Sholem Aleichem Folk Institute/Workman Circle Shuln

The Yiddish schools in America were always supplemental schools, meeting several times a week after public schools. This was a major difference between the Yiddish schools in Poland which were, if chosen by the parents, the primary day school of the child, and the Yiddish schools in America which never developed a single Yiddish day school. One graduated the folkshul, the equivalent of sixth grade, at age 12, then proceeded to mitlshul, middle school, for several years once or twice a week, and then went on to a upper level Seminary.
On the political spectrum of the Yiddish cultural world in the 1920s and 1930s, the Sholem Aleichem Folk Institute and its schools, and the Yiddish camp, Camp Boiberik, were more to the right, with less emphasis on socialism and more stress on the humanistic values that can be learned from traditional Judaism and applied to the modern Jewish experience. Founded in 1918, the Institute lasted until the 1970s, and was a national movement which attained its greatest support in the 1930s.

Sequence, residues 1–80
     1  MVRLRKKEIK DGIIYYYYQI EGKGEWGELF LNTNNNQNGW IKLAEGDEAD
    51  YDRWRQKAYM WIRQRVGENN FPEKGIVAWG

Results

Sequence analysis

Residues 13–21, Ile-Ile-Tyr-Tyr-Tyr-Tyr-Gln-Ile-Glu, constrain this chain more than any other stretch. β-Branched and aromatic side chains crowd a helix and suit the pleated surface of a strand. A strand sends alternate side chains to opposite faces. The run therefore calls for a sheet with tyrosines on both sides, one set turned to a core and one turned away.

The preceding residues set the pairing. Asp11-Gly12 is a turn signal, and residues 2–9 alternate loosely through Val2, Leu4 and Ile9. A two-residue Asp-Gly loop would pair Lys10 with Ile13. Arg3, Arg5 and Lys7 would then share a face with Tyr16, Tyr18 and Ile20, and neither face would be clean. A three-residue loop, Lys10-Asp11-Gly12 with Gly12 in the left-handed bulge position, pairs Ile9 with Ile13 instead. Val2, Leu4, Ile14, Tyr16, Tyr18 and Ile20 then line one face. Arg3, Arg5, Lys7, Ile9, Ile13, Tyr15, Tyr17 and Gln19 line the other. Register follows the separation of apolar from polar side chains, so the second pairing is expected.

The Workman's Circle [Arbeter-Ring] was a socialist fraternal organization founded in 1900 which still exists today. Its secular school system began soon after the Sholem Aleichem Folk shuln. In the late 1920s, many, if not most, of the shuln broke off and eventually formed the leftist Arbeter Ordn Shuln. Yet the Workman Circle survived the division and became the largest of the shuln networks. Their socialist agenda faded in the 1950s, and they, like the Sholem Aleichem schools, stressed the postive aspects of Yiddish language and culture.